The Justice & Diversity Center (JDC) thanks the law firm and law school volunteers of a unique pro bono collaboration. Every week, JDC’s Homeless Advocacy Project (HAP) runs a clinic at a shelter with Orrick Herrington & Sutcliffe and UC Hastings College of the Law. One or more Orrick attorneys, along with five to fifteen Hastings students, staff the drop-in legal clinic at San Francisco’s largest homeless shelter, MSC South (the Shelter). The Shelter houses 380 homeless people every night, some for extended periods of time, and others for just one night. Hastings students work under the supervision of HAP attorneys Elinor Roberts and B.T. Dang to interview shelter residents. They identify clients’ legal issues and provide information and referrals to needed resources.
For clients who have unresolved warrants, a team of one Orrick attorney and one or two students work to identify the source of each warrant. The attorney takes the matter on full scope to clear the warrant. This is a critical intervention for homeless clients because an open warrant can prevent access to public and federally-assisted housing, government emergency cash assistance, food stamps and veterans’ benefits. It can also be a barrier to a driver’s license and credit.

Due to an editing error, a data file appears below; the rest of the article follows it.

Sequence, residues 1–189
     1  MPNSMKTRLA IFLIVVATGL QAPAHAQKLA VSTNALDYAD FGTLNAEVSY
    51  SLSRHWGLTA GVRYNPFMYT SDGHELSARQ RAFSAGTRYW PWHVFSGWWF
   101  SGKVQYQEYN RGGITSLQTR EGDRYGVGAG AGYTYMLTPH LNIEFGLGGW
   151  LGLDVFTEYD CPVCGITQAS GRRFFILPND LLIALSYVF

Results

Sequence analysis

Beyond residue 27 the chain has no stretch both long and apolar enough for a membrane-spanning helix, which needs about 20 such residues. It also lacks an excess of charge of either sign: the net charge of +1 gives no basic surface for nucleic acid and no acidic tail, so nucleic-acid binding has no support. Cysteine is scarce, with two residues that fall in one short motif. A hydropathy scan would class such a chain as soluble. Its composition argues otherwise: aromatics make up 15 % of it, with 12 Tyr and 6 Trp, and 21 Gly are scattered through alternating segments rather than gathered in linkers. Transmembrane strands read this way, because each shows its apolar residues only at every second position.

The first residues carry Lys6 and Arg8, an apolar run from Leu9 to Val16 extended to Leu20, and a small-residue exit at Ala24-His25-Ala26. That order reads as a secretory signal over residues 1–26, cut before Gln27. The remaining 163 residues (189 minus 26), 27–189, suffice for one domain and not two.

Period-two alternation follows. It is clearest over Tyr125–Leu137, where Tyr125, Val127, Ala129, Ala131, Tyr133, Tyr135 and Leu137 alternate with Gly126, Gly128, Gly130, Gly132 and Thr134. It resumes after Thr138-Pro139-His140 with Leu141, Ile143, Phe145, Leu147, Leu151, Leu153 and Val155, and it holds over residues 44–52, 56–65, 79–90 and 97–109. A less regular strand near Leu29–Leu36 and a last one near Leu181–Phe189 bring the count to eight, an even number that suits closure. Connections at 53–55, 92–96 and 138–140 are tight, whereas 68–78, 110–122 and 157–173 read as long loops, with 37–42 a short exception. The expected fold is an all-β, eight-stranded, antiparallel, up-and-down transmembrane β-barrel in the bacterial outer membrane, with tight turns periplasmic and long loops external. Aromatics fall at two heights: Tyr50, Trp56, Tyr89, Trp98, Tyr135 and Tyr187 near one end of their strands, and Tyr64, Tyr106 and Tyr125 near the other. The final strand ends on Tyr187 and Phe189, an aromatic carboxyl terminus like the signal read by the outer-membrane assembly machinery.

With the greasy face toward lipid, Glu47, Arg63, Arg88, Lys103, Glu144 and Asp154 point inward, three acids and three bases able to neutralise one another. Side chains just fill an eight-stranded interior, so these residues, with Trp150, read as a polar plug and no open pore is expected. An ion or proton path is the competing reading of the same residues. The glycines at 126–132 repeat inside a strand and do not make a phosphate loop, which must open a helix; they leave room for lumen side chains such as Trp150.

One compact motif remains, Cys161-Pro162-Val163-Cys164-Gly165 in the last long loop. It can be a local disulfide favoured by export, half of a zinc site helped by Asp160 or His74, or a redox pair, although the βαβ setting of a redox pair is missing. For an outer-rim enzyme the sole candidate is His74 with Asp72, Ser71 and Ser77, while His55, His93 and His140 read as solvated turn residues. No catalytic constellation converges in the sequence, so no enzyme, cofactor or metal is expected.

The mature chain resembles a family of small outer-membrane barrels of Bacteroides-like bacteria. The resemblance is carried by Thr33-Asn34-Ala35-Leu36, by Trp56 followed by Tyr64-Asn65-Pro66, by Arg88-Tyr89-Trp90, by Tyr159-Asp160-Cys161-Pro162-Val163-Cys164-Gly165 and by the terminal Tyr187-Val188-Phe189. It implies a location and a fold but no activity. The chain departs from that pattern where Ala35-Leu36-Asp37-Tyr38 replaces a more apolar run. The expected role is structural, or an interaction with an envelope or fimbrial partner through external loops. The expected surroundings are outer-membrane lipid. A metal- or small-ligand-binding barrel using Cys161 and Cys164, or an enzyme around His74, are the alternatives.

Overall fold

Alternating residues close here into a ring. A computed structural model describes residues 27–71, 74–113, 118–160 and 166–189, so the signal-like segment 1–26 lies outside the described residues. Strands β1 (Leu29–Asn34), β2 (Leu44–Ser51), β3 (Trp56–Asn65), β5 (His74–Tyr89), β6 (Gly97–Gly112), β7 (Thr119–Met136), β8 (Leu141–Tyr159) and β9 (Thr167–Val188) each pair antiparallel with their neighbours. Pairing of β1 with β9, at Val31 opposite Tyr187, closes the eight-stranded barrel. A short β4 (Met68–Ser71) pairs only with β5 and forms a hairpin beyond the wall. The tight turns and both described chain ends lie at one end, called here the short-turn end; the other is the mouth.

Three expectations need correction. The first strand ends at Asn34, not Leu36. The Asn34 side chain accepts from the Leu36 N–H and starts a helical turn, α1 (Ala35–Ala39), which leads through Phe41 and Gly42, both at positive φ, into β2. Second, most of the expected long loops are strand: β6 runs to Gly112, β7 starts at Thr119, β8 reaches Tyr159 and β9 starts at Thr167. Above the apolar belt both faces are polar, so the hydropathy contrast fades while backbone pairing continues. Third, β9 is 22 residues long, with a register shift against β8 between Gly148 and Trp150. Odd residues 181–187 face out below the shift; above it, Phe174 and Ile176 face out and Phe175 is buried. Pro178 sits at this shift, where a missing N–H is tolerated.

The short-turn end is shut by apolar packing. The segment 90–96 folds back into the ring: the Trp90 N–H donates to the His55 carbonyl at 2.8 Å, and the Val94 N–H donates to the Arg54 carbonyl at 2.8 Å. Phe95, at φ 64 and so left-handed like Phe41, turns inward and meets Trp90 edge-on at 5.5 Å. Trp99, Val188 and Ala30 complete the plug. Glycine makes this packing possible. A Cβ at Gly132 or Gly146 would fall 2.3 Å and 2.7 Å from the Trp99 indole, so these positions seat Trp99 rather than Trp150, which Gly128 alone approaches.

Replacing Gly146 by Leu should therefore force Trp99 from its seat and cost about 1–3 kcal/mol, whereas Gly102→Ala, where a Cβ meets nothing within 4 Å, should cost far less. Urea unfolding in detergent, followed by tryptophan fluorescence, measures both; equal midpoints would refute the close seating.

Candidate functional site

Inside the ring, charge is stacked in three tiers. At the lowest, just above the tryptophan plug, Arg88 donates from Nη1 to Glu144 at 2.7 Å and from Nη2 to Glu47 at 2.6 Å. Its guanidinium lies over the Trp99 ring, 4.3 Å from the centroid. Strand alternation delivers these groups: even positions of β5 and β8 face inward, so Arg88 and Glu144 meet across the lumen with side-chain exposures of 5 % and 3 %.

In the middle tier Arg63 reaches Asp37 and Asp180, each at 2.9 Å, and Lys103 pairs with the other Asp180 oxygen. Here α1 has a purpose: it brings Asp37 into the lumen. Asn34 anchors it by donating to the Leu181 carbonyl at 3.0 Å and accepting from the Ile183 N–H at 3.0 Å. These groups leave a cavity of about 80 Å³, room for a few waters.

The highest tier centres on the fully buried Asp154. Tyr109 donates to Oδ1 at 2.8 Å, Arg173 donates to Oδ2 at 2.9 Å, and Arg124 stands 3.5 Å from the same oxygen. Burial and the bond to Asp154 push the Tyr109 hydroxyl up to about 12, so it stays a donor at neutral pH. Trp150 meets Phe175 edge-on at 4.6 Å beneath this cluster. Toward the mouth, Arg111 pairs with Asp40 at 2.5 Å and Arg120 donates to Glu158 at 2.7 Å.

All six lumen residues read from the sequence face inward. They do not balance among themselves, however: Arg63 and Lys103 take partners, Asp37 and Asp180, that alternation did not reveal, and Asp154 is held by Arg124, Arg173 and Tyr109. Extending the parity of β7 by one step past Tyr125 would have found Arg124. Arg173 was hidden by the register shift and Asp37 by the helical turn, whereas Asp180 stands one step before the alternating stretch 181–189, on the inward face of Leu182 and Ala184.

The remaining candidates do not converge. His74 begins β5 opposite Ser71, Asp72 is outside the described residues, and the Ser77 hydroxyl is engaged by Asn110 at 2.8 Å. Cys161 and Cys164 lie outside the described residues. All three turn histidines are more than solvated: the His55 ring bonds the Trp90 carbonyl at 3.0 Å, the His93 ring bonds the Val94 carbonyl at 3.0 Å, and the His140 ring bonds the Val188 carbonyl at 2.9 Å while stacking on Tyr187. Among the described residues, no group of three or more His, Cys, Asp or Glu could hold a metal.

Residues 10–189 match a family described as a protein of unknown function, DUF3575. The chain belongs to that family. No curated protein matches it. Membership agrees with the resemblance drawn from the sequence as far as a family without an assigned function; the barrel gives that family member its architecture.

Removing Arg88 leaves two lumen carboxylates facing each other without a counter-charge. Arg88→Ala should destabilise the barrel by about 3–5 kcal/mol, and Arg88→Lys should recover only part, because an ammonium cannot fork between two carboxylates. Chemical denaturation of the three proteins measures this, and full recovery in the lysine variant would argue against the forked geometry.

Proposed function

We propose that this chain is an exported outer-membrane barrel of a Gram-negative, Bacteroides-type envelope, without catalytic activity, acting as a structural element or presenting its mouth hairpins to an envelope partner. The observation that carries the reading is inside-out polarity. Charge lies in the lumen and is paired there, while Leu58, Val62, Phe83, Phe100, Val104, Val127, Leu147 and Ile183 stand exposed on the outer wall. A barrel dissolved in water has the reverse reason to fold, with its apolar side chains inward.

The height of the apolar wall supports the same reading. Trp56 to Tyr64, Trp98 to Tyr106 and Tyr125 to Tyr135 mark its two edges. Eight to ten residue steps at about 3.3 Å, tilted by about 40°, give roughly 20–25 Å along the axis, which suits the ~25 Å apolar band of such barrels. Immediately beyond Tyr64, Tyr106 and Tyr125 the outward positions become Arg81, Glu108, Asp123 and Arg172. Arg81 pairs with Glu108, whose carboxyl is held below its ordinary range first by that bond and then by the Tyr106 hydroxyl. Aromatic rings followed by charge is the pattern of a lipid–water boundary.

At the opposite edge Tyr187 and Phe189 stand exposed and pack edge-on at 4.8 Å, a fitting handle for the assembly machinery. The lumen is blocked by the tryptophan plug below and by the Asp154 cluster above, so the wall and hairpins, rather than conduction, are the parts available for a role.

Some warrants are decades old, some were issued in other states, while others may have been resolved long ago but require additional steps to be formally cleared from the record. Sometimes an extensive search identifies no outstanding warrants, much to a client’s relief. In every case, the client has advocates dedicated to removing the barriers to achieving housing and stability.
The HAP-Orrick-Hastings team served over 300 clients in 2016. Its many meaningful successes for clients include negotiating payment plans for restitution, and connecting clients with resources in other states to clear warrants. The other successful component of the program is that Hastings students gain valuable interviewing and client experience under the supervision and mentorship of Orrick attorneys.